Last, but far from least, there's prayer; this is the form of focused thought used by the most people, and of course the one that gets the most miracles attributed to it... and wouldn't some of those miracles possibly count as violations of the laws of physics? The folks doing the praying would say that their deity violated those laws, not their prayers, and this could be so, as the existence of a deity can NOT be disproved... but could their prayers be directly killing cancer cells and such? If magick can do it, it seems reasonable that prayer might, too; I just have no basis to judge which of those methods is stronger or can do a wider variety of things, or if in fact there's any difference between varieties of focused thought.

Because I have nothing to pray to, the only way I can think of to test if focused thought can in fact violate the laws of physics is to learn magick... and the ways that could lead to unintentional harm are so many that I'm not ready to risk it.

Not YET.


Friday, July 22, 2005

Real-life commentary about the big words/intelligence issue 


Online life isn't actually "real life," of course, so what I mean by that is quotes from regular people in a "social setting" (the lounge area of a forum), as opposed to summations by researchers and experts. In my post of 5-13-05, I talked about how a Stanford study had shown that people using big words in writing were seen as LESS intelligent than those who didn't (even if they're using them correctly, which IS a sign of intelligence), and that political analysts described the same sort of phenomena in speeches; the central concept is that people tend to view those with their same sort of word usage as being intelligent (even though most people are average, and so NOT intelligent, which refers to mental ability ABOVE the average level), and those with superior word usage as "INferior" in all sorts of areas, not just intelligence-wise... which shows us what value our culture puts on intelligence, and that the best thing a smart person can do with their brains is use them to figure out how to disguise their existence. {sigh}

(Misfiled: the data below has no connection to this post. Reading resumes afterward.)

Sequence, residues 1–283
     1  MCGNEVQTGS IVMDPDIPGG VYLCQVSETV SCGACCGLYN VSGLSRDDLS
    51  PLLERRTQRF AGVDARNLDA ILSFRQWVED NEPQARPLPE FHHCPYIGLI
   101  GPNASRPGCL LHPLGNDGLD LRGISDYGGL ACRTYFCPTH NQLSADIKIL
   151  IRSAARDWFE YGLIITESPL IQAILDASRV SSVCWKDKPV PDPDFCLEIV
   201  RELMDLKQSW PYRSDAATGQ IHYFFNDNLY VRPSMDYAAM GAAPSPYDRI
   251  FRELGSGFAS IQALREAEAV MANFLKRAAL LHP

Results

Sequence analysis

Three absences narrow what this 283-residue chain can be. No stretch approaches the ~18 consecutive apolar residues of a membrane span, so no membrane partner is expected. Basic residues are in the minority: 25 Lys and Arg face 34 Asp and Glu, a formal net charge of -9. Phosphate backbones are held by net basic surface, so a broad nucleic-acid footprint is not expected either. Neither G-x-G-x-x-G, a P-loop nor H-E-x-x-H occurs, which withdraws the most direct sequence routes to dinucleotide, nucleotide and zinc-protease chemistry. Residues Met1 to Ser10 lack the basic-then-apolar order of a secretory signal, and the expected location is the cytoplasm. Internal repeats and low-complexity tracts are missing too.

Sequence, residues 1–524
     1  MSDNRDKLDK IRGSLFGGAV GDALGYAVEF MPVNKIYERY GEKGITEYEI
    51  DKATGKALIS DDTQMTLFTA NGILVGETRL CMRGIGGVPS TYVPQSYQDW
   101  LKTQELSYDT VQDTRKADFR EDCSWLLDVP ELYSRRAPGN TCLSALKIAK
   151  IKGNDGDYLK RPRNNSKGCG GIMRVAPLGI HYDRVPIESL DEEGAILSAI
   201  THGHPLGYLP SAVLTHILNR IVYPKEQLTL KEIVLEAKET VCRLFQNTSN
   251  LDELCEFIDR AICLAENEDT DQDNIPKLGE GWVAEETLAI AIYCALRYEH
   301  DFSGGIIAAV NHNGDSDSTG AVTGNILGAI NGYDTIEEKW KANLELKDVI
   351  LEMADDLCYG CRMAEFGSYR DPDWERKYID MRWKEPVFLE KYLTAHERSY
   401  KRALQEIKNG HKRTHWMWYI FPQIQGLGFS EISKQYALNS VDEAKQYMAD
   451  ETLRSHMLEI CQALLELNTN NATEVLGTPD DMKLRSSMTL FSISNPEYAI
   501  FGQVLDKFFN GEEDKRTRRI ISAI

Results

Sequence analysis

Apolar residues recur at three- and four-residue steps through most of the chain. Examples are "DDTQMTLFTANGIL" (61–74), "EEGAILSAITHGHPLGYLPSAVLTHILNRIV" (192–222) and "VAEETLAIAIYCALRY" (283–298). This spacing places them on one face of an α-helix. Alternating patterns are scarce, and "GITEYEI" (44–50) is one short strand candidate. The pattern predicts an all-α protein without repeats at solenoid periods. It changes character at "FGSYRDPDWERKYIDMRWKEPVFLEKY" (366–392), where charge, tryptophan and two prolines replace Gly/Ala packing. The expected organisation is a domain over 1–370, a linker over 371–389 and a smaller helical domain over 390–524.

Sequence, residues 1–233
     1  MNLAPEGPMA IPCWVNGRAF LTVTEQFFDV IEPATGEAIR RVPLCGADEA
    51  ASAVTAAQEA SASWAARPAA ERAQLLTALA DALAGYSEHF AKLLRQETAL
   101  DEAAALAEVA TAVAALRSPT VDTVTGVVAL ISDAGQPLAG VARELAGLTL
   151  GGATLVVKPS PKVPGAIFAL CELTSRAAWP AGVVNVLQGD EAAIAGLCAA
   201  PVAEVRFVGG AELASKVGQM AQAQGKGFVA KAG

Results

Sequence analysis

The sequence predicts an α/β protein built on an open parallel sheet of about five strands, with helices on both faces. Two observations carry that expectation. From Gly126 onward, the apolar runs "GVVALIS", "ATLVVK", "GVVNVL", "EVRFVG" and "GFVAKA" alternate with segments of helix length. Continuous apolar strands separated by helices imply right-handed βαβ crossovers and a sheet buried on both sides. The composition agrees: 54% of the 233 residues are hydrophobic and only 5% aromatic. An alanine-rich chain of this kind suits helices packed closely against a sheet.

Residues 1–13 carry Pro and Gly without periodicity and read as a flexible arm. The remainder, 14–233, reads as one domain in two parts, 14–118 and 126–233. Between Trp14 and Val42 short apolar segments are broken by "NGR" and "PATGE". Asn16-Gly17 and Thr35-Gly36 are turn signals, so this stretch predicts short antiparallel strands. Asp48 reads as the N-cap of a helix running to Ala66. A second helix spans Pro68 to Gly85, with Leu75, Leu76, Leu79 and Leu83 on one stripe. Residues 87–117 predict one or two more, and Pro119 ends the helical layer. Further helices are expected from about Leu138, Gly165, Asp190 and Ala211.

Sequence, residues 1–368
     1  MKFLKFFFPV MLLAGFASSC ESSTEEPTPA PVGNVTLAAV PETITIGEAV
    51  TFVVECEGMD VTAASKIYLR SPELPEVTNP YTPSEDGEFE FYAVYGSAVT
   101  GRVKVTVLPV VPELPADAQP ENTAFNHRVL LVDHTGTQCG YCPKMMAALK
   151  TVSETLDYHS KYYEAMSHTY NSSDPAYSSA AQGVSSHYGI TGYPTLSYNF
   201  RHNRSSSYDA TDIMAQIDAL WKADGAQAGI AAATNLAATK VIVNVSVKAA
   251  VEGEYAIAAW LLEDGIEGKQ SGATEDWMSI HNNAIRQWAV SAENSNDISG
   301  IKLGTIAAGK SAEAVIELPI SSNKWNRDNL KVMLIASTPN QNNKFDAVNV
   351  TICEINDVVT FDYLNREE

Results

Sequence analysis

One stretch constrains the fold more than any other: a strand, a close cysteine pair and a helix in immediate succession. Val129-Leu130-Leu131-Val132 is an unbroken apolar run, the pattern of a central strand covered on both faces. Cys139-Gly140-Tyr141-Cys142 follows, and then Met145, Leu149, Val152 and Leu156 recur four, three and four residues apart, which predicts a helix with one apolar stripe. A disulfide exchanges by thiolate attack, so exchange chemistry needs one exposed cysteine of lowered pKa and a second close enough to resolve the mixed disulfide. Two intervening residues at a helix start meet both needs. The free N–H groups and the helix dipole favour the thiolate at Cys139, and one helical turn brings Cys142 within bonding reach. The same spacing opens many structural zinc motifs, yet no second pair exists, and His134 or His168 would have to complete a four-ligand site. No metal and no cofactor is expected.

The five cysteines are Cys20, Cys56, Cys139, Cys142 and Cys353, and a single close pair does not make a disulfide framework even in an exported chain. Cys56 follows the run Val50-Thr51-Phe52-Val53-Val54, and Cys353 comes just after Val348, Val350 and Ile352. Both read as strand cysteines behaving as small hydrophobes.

Today, I stumbled upon a forum where I'd guess everyone posting is under 25, and nearly all of them are male; there was a thread that included posts on the above topic, and I immediately started envisioning a post of my own. After much internal debate, I've decided to not give a URL or other identifying info for this forum, so that they don't find their way here and get offended by my commentary on what they said; my primary intention is to learn from them, NOT to insult them, but I'm betting they wouldn't see it that way, especially since I wont be subtle with my rebuttals. I'm going to give exact quotes from their posts, altered only to put a polite mask over their profanity (as this is an all-ages blog), and then discuss the ramifications of what they've said. I'll preface that by pointing out that none of the posters shows any sign of being of higher than average intelligence, which makes them good mouthpieces for our culture, and, although their youth might make their opinions somewhat more extreme than older folks', I've seen no evidence of older people viewing intelligence any differently than younger adults, and the latter have the advantage of being more willing, on the whole, to bluntly say what they think. So:


"I hate people who use obnoxiously long words, and then deny that its to make them look smart. I mean, I use long words when they're in the best context, but I don't purposely seek to elongate my language."

So many people clearly agree with this guy, but they're WRONG; while obviously there ARE people who use big words, usually incorrectly, to try to sound smart, most people who use big words use them because they, and the people they regularly interact with, are intelligent and educated, and that's how they're used to talking, so they're NOT doing it to make themselves look smart... but they need to be aware that people will perceive them as doing just that.


"Smart people don't use long words, ever notice that?"

No, I haven't, because it just ain't so; could there be a clearer example of the "a person is smart if they sound like ME" phenomenon?


"The smarter people should be smart enough to know to use words that can easily be understood by those around them"

So, a smart person should instantly and psychically know the vocabulary level of everyone within earshot at all times, and tailor their every remark to the lowest common denominator? What he actually means, I'm sure, is that if a smart person is REALLY smart, as in sharp enough to understand how social conversations are supposed to work, they'll be aware that they need to talk at about a 7th grade level (which is what articles and speeches supposedly shoot for, so that most Americans can understand them-pitiful, isn't it?), which will keep listeners from feeling stupid and thus prevent negative social judgments... couldn't you just CRY?